So it was left down to me, in my head, to represent the girls.

The Ultra+ is run along the beautiful Jurassic coast which, while not particularly high, is continually undulating along the cliffs. This means the 73km race manages to sneak in an impressive 3,250m elevation gain.



The race day itself was utterly beautiful: clear blue skies and incredible views. I spent most the day in just a t-shirt which given it is run on 30 November was remarkable. The course is pretty technical in places and it's definitely one to take poles on. It was brilliantly marked and bar one HORRENDOUS churned mud-bath of a farmers field where I saw someone loose both his shoes to the mud, it felt so well chosen as a route. We even passed a trig point on route!

It's slightly demoralising to be on a route that picks up and drops off those running shorter distances but it was actually really nice to be, for the first 50km or so, with the shorter 'Ultra' runners as I got chatting to some great girls on course.

The highlight of the day was my amazing friends being there to cheer me on: my friends Claudi and Matt drove all the way from London and back on the day to cheer and the legendary Speedster clocked up 30km through running around cheering and taking pictures.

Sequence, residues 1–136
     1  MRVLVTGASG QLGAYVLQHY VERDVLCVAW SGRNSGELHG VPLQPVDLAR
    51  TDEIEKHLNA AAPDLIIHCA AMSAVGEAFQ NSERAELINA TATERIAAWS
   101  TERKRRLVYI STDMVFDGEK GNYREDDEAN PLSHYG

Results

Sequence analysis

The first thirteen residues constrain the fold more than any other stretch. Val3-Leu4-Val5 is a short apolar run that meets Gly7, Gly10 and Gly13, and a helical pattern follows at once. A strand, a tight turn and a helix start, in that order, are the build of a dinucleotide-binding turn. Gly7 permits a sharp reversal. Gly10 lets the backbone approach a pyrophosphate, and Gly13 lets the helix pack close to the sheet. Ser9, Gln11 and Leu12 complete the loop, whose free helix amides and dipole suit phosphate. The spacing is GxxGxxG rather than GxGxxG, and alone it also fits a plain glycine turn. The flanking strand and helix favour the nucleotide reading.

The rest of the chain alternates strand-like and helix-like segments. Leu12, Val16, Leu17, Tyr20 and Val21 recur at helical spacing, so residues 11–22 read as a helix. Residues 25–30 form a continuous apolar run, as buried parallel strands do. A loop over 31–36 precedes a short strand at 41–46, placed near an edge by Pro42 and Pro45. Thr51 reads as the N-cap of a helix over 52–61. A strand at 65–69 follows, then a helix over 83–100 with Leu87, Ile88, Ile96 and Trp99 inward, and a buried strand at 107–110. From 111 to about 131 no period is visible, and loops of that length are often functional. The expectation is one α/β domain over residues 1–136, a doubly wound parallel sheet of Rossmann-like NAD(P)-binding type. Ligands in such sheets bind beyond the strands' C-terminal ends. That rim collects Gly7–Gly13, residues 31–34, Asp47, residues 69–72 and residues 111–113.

Personally, I really enjoyed the loops. I didn't expect to say that but I've not run with a headtorch for longer than about an hour so the three hours I ended up in the dark was made much better by the fact I'd essentially recced the race route during the race.

As far as ultras go, it was a great day out. I personally think the aid stations could do with some proper nutrition and it seems a little unfair if you are UTMB points hunting that the race is worth the same points as Country to Capital after the Ultra+ was downgraded this year from 4 points to 3 but in terms of fantastic season closers I'd really recommend it.

Thanks to Runderwear for the place and kit.


Total time: 11:14:30
Strava link: https://www.strava.com/activities/2902590137

Finishing position: 48 (out of 73)
Finishing position (gender): 6 (out of 24 starters, 10 finishers)
Percentage of finishers: 70%*
*Plus high numbers dropped down to shorter distances on the day

To find out more about how to enter the 2020 race go to: